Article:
Syd dashed out of the window, and the girl began to move some of the
breakfast things, but was interrupted by the entrance of a sharp-looking
young groom with very closely-cut hair, and trousers so tight in the leg
that the wonder was how he put them on and pulled them off.

"Oh, it's you, is it, Mark?" said the girl, tartly.

"Me it is, Jenny.  Think it was the boss?"

"Maybe.  Here's a pretty time of the morning to have breakfast things
about."

"Pretty time?  Of course, it's a pretty time.  Eat when you're hungry.
When the guv'nor wants his corn he'll come down to the sally-manger as
they call it."

"But look at the time!"

"Oh, hang the time!  A man ain't a locomotive, made to live up to a
time-table.  I believe her ladyship has a time for everything, down to
sneezing and cleaning her teeth.  It's orful, that it is."

"Ah! you're a pretty pair."

"We was in the old days, Jenny," said the young man, with a smirk,
"before we began to go off and look seedy, him with being married to her
ladyship, and me pulled down, fretting about you."

"Get along with your nonsense!  I know.  You were a pair of regular
rackety rakes, and her ladyship has done wonders for Sir Hilton."

"Well, ain't you done wonders and improved me, dear?  You know I ain't
like the same chap."

"Oh, I don't know.  I sometimes feel I'm very stupid to think about you.
You're always talking about your old ramping, scamping days."

"But there wasn't any harm in 'em, Jenny.  Only a bit of sport--a race
here, a steeplechase there, and a turn at hunting in the winter.  Ah!
they was times, Jenny, my gal Reglar old English gentleman sort of life.
Go to bed when you liked; get up when you liked.  Breakfast in bed or
out of it.  None of your tea-and-toasting, but a hock and seltzer for a
start; nice little devilled something after, and there you were, fit as
a fiddle.  None of your time-table life, like it is here."

"Yes, you were a nice pair."

"We were, Jenny, and we're not to be sneezed at now; but you're a bit
hard on us, Jenny, both of you."

"I'm too soft on you, Mark, and you know it."

"Well--say sometimes, my dear; but you know you are orful nubbly now and
then, and you say things to me that buzz in my ears like bluebottles in
a stable window.  I don't grumble, but I'm sorry for the guv'nor, that I
am."

"Ah! he has a deal to grumble at.  Wasted as good as three fortunes."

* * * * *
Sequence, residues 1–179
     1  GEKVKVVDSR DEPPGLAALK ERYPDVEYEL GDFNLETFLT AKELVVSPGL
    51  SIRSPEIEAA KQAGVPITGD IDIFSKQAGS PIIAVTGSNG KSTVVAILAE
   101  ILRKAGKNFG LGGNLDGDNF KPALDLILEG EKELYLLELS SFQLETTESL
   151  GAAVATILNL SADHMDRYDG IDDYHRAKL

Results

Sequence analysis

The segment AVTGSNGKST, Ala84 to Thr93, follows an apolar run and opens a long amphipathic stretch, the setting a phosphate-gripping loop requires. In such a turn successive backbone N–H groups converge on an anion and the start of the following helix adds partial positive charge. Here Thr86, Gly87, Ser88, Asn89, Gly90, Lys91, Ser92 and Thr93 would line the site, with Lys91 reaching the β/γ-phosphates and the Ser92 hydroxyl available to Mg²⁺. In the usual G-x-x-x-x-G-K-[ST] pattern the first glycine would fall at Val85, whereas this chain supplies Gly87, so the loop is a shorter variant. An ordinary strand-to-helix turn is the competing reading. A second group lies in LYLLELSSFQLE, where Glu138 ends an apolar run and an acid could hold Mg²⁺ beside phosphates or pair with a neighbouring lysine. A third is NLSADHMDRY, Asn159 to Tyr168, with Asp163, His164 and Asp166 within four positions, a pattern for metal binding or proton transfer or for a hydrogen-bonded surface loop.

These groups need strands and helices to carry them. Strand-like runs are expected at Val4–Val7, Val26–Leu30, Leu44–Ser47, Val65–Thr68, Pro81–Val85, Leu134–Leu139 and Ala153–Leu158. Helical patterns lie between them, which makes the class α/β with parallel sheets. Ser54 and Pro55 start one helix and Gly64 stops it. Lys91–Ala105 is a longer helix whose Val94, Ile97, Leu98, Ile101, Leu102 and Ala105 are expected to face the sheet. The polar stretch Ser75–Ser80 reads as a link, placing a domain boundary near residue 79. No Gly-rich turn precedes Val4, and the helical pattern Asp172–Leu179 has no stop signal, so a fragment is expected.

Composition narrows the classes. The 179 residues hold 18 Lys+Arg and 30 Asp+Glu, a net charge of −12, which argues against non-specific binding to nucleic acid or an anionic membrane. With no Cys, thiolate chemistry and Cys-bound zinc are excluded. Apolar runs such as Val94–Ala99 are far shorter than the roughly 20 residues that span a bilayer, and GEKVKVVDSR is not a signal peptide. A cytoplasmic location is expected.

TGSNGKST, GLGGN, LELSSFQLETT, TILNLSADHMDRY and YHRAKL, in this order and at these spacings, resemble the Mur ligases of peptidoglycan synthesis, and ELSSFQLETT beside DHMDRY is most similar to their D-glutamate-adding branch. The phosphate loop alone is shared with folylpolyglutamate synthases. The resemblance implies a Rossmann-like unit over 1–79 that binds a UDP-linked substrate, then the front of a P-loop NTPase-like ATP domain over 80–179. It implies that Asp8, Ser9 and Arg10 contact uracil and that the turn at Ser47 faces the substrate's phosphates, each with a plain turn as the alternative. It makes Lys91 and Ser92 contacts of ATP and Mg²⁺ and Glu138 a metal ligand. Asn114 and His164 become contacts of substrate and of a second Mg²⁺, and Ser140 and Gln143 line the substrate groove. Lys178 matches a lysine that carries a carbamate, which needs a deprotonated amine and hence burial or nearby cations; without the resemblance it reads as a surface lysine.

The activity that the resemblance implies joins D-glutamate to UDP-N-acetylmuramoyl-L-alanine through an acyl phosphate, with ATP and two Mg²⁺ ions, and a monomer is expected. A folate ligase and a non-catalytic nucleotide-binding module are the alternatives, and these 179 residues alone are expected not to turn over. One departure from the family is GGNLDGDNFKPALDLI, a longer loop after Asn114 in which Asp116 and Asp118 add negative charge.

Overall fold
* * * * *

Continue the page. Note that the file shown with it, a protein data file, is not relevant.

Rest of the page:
"Woho, my lass!  Steady there!  Not wasted.  Spent 'em like a noble
English baronet, and he always had his money's worth.  Yes, we did."

"We indeed!  Wasted everything, he did, on the Turf, and then was sold
up disgraceful.  Just like a pore man might be."

"Gently, my lass, gently!" cried Mark.  "Sold up, and disgraceful?
Nothing of the kind.  The luck was again' us, and we can't quite meet
our engagements; so we lets the things come to the hammer.  Old Tat
knocks 'em down to the highest bidder at High Park Corner, and we pays
like gentlemen as far as the money goes.  What more would you have till
the luck turns and we pay up again?"

"Ah! you're a nice pair.  It was time you were both off the Turf.
Neither of you ever cared."

"Don't say that, my lass.  I cared a deal, and when I see my
satin-skinned beauties knocked down--"

"Your what?"

"'Osses, my gal, 'osses--the tears quite come in my eyes."

"I dessay," said Jenny, tartly.  "I believe you think much more of a
horse than you ever did about me."

"Nay, you don't, Jenny.  You know better.  Man's love for a hoss ain't
the same as what he feels for his sweetheart.  You know that.  But a
chap of the right sort as understands 'osses can't help loving the
beautiful pets.  I don't mind yer laughing at me.  I quite cried when
our La Sylphide was knocked down and I had to say good-bye to her.  I
don't know what I should ha' done if I hadn't known she was going into
good quarters with someone who'd love her.  All right!  It's gallus
weak, I suppose, but I did, and you may laugh."

"I wasn't laughing, Mark," said the girl, holding out her hand.  "I was
only smiling at you.  I like it.  Shows your 'art's in the right place."

"Jenny!"  And "business," as theatrical people say.

"Now, don't, Mark.  That'll do.  Suppose Sir Hilton was to come?"

"Let him," said the groom, sharply.  "I ain't ashamed of loving the
dearest, sweetest little lass in the country, though she has got a sharp
tongue that goes through me sometimes like a knife."

"All the better for you, Master Mark.  You want talking-to, for you've